UPDATE: Sporting sanctions increase on Russia

UPDATE: Sporting sanctions increase on Russia

German sportswear company Adidas has joined the growing list of those placing sanctions on Russia by suspending its partnership with the Russian Football Union (RFS) with immediate effect, a company spokesperson said on Tuesday.

The decision is in line with a series of those made by sports bodies to cut ties to Russian-affiliated bodies or companies following the war in Ukraine.

More sporting bodies sanctioned Russian and Belarusian athletes on Tuesday over Russia’s invasion of Ukraine, with the governing bodies for badminton, rowing and skiing banning athletes from the two countries from international competition.

Since the start of what Russian President Vladimir Putin has called “a special military operation” last week, sports bodies across the world have already moved against Russia and Belarus by refusing to host or play against teams from the countries.

On Monday, the International Olympic Committee’s (IOC) executive board recommended sports federations ban Russian and Belarusian athletes and officials from competing in events.

The badminton federation’s (BWF) move comes a day after it cancelled tournaments in Russia and Belarus.

The BWF said the ban on athletes and officials from Russia and Belarus would start at the German Open from March 8-13, but it is allowing Russian players to compete at two Para badminton tournaments in Spain this week as they have already arrived on location.

“These players, however, will compete as neutral athletes, with no national flags or anthems,” the BWF added.

World Rowing banned Russia and Belarusian athletes and officials from its international competitions with immediate effect and until further notice.

“World Rowing strongly condemns the Russian military invasion of Ukraine and the ensuing violation of the Olympic Truce,” the governing body said.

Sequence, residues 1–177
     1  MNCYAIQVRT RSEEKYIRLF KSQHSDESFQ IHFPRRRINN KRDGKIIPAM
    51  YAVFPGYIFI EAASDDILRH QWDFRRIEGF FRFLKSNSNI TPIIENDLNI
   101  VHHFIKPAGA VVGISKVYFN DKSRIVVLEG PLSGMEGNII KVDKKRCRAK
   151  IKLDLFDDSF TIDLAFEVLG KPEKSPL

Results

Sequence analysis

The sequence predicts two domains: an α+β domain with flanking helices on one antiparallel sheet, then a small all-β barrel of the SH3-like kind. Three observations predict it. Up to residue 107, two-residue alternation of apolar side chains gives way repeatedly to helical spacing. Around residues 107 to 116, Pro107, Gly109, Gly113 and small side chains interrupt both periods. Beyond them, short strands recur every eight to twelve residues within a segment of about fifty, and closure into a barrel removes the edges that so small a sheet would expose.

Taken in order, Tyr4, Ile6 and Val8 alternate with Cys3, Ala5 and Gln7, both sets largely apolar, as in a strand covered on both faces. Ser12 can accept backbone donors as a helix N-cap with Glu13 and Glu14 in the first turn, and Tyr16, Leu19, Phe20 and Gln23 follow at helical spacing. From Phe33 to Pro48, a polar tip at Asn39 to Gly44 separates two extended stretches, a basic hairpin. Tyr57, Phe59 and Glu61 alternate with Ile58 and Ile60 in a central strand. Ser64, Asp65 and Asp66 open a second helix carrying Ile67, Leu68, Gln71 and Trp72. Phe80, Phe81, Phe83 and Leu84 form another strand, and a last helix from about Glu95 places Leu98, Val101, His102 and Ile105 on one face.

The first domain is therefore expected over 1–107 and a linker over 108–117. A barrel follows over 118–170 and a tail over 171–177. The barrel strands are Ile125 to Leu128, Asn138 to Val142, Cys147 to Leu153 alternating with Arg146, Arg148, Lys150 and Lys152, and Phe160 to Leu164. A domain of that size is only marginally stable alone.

The international ski federation (FIS) said its council had voted unanimously to follow the IOC executive board’s recommendations.

“With immediate effect, no Russian or Belarusian athlete shall participate in any FIS competition at any level through the end of the 2021-2022 season,” FIS said in a statement.

Swimming’s world governing body FINA, which on Sunday called off the World Junior Swimming Championships in Kazan, Russia, said on Tuesday that Russian and Belarusian athletes would now only compete as neutral athletes or neutral teams.

“No national symbols, colours, flags should be displayed or anthems should be played in international Aquatics events which are not already part of the respective World Anti-Doping Agency sanctions for Russia,” FINA said.

It added that the FINA Order awarded to Russian President Vladimir Putin in 2014 has been withdrawn.

On Monday, soccer governing bodies FIFA and UEFA suspended Russia’s national teams and clubs, making it likely the country will be excluded from this year’s men’s World Cup and the women’s Euro 2022 tournament.

The United States Olympic & Paralympic Committee (USOPC) also called for a complete ban on athletes and officials from Russia and Belarus, including from the Beijing Paralympics, which begins on Friday.

The International Tennis Federation (ITF) said on Sunday that it had taken ‘swift action’ to cancel all events in Russia indefinitely and that no ITF events would be held in Belarus for 2022.

The ITF was responding to calls by the Ukrainian Tennis Federation for it to immediately expel Russia and Belarus from the organisation and ban Russia from team and individual tournaments.

However, the sport’s two professional tours, the men’s ATP and women’s WTA, have not announced any action against Russia or Belarus so far.

Ukraine’s Elina Svitolina refused to play against Russia’s Anastasia Potapova at the Monterrey Open and said she would not play any Russians or Belarusians until the sport’s governing bodies implement the IOC’s recommendations.